This is a relatively well known ABY circuit available on the internet.


I have two questions about this circuit : 1) What does the RC network (in the secondaries) do in the output of the transformer? My guess is that it's some sort of filter. 2) what is the point of the two resistors (on the opamps driving the primaries) on the opamp. They don't seem to be providing any gain?

Below is my attempt at an isolated buffer. The aim is to provide a potentiometer giving attenuation (not to silence, just to allow adjustment based on the output differences of various guitar pickups) in one direction and some gain in the other (about 2x gain).

enter image description here

As you can see I've just added some gain to the opamp, and a pot on the output. LTSpice shows this working perfectly. I've left the original RC network in place. What effect on that will the POT I've added have? Is there a better way to do this?

  • \$\begingroup\$ You already have a simulation, run it and observe the difference \$\endgroup\$
    – PlasmaHH
    Aug 13, 2018 at 12:51
  • \$\begingroup\$ Without a real idea of the concepts.. I could be swapping components in and out and not really knowing why the results are what they are. \$\endgroup\$
    – Richard
    Aug 13, 2018 at 12:57
  • \$\begingroup\$ The RC part could be a snubber network. Like a reversed diode next to a relay but for AC. \$\endgroup\$ Aug 13, 2018 at 13:06
  • 1
    \$\begingroup\$ @Richard: That schematic says clearly on the bottom "No permission for local copies or serving from Web sites other than http://www.geofex.com". Did you get permission? If not ... \$\endgroup\$
    – Transistor
    Aug 13, 2018 at 13:22
  • \$\begingroup\$ @Transistor I did not obtain permission. My reasoning is that this circuit is so ubiquitous on the internet already that I am simply one of thousands who have already republished this diagram. I deliberately left the creators text on there so that everyone can see where it came from. RG Kean absolutely deserves credit for his work. I'm not in any way attempting to undermine him, I just wanted to make it easier for people to answer my questions. If removing this picture and replacing with a link is advisable then I will do that. \$\endgroup\$
    – Richard
    Aug 13, 2018 at 14:18

2 Answers 2


I'm not sure about the purpose of the RC network. It provides a 10k load at frequencies above 16 kHz, and a rising impedance at frequencies below that, becoming an open circuit at DC. It seems rather pointless in this application.

The two resistors at the input of the opamp are used to balance the input bias currents, eliminating one potential source of DC offset in that stage. It isn't clear why the same precaution wasn't taken with the first stage.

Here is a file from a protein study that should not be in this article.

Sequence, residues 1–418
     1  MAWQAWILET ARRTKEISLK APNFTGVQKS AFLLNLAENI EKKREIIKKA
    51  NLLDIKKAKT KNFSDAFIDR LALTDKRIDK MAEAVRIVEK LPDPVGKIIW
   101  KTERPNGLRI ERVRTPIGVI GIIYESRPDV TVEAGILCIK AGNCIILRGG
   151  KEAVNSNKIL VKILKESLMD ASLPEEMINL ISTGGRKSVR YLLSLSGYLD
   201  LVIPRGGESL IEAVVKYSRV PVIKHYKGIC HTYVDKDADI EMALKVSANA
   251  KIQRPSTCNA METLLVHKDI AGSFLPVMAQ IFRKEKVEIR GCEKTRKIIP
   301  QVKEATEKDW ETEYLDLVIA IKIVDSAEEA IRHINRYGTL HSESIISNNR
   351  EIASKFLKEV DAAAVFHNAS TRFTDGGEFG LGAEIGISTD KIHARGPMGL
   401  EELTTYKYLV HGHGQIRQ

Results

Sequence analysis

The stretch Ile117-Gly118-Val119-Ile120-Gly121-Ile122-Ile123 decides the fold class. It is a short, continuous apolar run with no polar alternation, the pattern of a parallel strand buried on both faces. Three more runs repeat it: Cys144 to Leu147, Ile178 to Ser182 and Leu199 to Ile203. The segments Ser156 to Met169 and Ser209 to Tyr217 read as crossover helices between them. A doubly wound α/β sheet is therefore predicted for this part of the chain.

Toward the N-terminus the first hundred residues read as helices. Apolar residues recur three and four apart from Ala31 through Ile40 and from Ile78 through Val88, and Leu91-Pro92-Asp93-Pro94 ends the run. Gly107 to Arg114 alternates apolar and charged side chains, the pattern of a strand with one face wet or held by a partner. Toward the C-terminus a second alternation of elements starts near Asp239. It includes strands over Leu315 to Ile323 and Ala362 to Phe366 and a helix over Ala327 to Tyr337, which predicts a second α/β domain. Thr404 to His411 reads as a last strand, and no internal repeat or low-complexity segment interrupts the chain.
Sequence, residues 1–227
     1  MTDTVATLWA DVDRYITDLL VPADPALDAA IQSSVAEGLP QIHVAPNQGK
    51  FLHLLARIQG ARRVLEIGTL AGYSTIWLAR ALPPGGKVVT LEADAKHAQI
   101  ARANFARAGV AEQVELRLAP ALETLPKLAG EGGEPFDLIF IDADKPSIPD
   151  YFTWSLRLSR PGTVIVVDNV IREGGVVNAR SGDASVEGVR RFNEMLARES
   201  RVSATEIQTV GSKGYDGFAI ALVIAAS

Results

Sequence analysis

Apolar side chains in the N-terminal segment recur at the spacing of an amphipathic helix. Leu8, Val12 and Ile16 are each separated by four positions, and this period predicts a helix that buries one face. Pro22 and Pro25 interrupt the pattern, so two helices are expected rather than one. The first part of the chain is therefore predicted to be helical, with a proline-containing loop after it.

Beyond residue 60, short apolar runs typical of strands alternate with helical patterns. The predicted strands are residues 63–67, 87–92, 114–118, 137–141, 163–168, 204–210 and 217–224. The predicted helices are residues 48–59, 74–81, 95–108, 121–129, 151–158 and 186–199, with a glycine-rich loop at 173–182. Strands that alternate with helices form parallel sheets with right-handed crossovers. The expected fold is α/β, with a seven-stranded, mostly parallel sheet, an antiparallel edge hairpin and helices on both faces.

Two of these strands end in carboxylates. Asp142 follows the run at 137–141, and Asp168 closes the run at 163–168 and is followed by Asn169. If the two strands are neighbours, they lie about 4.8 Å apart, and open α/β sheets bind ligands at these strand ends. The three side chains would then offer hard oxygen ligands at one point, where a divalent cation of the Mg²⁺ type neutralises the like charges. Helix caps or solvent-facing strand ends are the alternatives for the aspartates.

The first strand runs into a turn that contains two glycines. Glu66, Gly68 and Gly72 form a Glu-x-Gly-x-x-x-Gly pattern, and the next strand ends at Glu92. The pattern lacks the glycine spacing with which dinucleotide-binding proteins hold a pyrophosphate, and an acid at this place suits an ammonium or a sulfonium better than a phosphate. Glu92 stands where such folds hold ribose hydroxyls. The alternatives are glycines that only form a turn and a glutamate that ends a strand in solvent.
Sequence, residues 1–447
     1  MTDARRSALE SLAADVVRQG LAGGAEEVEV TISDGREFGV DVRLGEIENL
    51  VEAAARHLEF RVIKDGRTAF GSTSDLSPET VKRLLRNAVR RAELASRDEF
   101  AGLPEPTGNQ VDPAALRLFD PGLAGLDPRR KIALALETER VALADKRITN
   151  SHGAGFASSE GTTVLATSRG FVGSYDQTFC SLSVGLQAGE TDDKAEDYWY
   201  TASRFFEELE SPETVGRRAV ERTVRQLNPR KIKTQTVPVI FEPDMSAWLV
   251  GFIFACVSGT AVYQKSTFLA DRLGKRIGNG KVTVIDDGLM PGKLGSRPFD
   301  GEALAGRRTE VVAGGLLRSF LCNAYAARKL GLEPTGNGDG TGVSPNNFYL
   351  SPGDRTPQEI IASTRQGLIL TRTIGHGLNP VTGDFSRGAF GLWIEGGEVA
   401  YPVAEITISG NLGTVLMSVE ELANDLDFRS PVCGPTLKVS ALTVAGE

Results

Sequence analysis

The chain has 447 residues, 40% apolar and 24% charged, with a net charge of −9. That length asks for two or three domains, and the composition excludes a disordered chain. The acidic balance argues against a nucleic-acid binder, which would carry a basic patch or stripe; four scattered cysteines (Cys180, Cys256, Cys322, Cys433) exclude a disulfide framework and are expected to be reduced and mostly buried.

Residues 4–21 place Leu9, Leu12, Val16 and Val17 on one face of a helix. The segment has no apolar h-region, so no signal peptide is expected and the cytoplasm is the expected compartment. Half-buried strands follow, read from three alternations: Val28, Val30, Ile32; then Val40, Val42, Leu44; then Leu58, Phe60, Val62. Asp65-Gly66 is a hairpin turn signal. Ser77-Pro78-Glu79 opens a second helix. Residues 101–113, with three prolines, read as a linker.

It's possible that these are example of "cargo cult" design, in which components get copied from one circuit to another without any real understanding of their purpose.

  • \$\begingroup\$ The series RC looks like a snubber, and is a prime cargo cult suspect! \$\endgroup\$
    – awjlogan
    Aug 13, 2018 at 13:15
  • \$\begingroup\$ @awjlogan: Such a circuit (with very different component values) is often used directly at the output of an amplifier in order to improve its phase margin with reactive loads (see the example circuits for the LM386, for example), but I don't see how that applies here. \$\endgroup\$
    – Dave Tweed
    Aug 13, 2018 at 13:19
  • \$\begingroup\$ Possibly they've have seen it on the secondary side of trafos and so thought they should have one too... \$\endgroup\$
    – awjlogan
    Aug 13, 2018 at 13:26
  • \$\begingroup\$ David, This is the creator (Kean's) second attempt at this circuit, he says that the second version improves the frequency response of the cheap transformer he sourced. What effect will my adding the POT have on the RC network? Will it adversely affect the frequency response? How can I have the POT without affecting the RC network operation? I can't really use another opamp without loosing isolation. \$\endgroup\$
    – Richard
    Aug 13, 2018 at 14:21

To me, the RC part looks like an "anti-pop" circuit. I think it might help to reduce the "pop" sounds when the circuit will be switched on and/or when a cable will be plugged in.

It can also act as a Boucherot cell or a Zobel network, avoiding high frequency oscillation when no load is connected.

  • \$\begingroup\$ This seems possible. OP's circuit is mean to act as an A/B/Y box in front of a guitar amplifier, not a speaker, and thus shouldn't see the same issues with impedance and stability -- unless it's to account for the inductance of the transformer? Interesting circuit, I'm putting it in my toolbox for sure. \$\endgroup\$
    – esilk
    Aug 13, 2018 at 14:48
  • \$\begingroup\$ Even if this network has been made to be placed in front of a loudspeaker, it may be possible that these oscillations can occur with the inductance of the transformer indeed. I'm not very familiar with all this so I'm not sure but I do know that a transformer and a loudspeaker are somehow similar electrically speaking \$\endgroup\$
    – J. K.
    Aug 13, 2018 at 15:08

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